Land acknowledgments — statements that note, in some way, an area’s Indigenous history and culture — have recently become somewhat commonplace, as a diverse set of people across the country, ranging from school board meetings to universities to unions (to name just a few scattered examples), have put out statements acknowledging local Indigenous people.
Often, a land acknowledgment is as simple as a statement, such as the words now found outside the Metropolitan Museum of Art’s Manhattan building:
“The Metropolitan Museum of Art is situated in Lenapehoking, homeland of the Lenape diaspora and historically a gathering and trading place for many diverse Native peoples, who continue to live and work on this island. We respectfully acknowledge and honor all Indigenous communities—past, present, and future—for their ongoing and fundamental relationships to the region.”
It can also be a more substantive document, like the land acknowledgment from the On Being Project, which comes with links to more information on Indigenous history and stories. Either way, these acknowledgments are a way for people to call attention to Indigenous connections to the land. And while that’s great, without further action and more intentional connections with Indigenous communities, land acknowledgments can also risk becoming performative, and even potentially harmful, says Pearl Walker-Swaney, a program manager at the Native Governance Center. The Native Governance is a nonprofit dedicated to helping Native nations strengthen their governance systems, their capacity to exercise sovereignty, help cultivate a Native nation rebuilding movement, and imagine “a future where all Indigenous people can thrive on their own terms.” They provide Native nations with resources and tools to help them in this goal and are “always planning for the next seven generations.”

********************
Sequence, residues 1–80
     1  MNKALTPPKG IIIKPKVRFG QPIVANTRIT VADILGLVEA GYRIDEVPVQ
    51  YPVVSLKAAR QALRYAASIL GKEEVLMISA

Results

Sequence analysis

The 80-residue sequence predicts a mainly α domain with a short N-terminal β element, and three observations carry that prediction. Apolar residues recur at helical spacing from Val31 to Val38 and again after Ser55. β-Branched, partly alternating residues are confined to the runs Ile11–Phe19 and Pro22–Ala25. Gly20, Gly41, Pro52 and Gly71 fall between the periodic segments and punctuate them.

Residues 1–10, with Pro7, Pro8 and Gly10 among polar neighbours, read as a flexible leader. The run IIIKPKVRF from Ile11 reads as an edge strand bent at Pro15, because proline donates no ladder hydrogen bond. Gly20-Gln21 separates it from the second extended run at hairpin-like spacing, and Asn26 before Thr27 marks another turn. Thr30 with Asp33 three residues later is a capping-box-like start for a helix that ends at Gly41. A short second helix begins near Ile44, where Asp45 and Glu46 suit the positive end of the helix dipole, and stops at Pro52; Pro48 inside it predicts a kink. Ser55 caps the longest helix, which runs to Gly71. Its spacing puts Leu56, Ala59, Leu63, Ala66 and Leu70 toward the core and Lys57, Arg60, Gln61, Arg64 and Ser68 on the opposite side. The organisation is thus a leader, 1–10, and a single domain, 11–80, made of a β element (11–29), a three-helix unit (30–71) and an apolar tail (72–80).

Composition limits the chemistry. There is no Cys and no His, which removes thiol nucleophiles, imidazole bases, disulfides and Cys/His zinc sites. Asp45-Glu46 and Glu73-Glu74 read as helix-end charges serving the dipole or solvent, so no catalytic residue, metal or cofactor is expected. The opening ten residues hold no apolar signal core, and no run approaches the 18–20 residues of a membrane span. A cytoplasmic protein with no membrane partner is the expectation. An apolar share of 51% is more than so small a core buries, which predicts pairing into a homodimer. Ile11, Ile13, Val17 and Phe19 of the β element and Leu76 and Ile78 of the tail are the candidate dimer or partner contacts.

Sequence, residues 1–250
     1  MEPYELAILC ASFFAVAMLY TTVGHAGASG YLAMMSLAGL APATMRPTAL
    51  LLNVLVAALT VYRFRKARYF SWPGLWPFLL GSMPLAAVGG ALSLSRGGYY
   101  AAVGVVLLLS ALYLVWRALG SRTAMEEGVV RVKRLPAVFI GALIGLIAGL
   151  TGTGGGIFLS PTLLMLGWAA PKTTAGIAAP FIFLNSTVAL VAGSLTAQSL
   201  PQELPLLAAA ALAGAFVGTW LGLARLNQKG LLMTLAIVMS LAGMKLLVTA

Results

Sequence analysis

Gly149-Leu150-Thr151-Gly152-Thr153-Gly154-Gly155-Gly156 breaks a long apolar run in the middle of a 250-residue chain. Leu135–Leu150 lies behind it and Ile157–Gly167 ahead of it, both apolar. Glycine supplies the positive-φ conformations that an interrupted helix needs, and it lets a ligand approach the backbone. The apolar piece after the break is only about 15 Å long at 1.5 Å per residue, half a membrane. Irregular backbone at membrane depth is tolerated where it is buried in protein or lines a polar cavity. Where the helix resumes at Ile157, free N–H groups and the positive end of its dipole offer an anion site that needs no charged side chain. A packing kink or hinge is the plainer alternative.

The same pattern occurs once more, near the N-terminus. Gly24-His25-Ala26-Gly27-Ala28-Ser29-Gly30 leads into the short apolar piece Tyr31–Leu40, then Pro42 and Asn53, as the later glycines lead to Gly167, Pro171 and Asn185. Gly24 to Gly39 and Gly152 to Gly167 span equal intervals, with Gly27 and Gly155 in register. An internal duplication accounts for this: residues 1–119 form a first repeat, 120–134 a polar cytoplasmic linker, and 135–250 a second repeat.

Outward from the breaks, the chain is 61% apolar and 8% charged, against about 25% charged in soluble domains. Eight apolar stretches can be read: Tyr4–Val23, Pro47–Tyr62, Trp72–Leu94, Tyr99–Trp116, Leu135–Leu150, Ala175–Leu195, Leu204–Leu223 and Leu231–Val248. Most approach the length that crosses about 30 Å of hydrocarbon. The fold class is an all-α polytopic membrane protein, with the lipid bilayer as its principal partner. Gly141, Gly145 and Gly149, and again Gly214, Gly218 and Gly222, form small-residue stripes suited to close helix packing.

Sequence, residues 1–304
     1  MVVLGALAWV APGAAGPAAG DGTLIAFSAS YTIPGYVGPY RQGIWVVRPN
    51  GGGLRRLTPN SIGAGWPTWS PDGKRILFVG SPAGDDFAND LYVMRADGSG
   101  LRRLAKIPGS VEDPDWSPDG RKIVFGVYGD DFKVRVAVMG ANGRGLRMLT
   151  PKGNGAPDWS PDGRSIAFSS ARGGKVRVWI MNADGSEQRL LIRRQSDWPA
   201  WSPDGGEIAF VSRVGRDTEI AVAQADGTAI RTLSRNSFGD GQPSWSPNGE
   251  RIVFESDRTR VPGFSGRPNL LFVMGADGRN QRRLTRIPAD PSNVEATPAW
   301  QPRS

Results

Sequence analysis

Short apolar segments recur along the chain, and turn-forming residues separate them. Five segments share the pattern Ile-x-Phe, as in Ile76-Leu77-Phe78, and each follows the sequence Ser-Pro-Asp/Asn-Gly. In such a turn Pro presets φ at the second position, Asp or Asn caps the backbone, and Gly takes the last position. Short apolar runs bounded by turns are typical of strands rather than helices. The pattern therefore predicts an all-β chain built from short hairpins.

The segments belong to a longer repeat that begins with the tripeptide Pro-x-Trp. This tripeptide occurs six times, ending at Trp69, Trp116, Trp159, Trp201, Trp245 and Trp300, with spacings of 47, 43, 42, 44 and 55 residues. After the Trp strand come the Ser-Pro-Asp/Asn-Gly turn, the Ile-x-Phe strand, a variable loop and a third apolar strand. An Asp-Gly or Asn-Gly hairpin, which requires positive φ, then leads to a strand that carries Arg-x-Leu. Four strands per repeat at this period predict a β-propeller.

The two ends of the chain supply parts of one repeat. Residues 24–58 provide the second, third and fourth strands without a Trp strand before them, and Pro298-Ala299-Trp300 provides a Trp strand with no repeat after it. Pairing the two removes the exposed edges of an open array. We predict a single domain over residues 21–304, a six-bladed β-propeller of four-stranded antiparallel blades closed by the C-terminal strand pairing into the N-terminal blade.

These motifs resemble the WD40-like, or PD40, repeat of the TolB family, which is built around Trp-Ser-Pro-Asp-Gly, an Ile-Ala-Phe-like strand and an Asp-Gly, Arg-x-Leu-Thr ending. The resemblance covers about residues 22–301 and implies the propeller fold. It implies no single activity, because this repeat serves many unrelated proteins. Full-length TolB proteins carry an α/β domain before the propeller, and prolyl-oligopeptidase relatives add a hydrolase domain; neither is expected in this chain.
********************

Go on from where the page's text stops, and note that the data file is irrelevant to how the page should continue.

On a societal level, more substantive action could be anything from supporting tribal sovereignty to restoring land to Indigenous people. But can parents and kids take action on their own, too? Does acknowledging the land at, say, the dinner table, do enough to teach the next generation about the history and culture of Indigenous people in North America? Or are there ways families can do more?
We came to our conversation with Walker-Swaney with this in mind. She is from the Standing Rock Sioux Tribe and the White Earth Nation and in addition to her work with the Native Governance Center, she’s a yoga instructor, doula, and breastfeeding counselor – as well as a parent herself. Here’s how Walker-Swaney thinks about land acknowledgments, how parents can have honest conversations with their kids about Indigenous history and culture, and what we all can do to go beyond words to support Indigenous people in our own communities.
Let’s start here: What, exactly, is a land acknowledgment?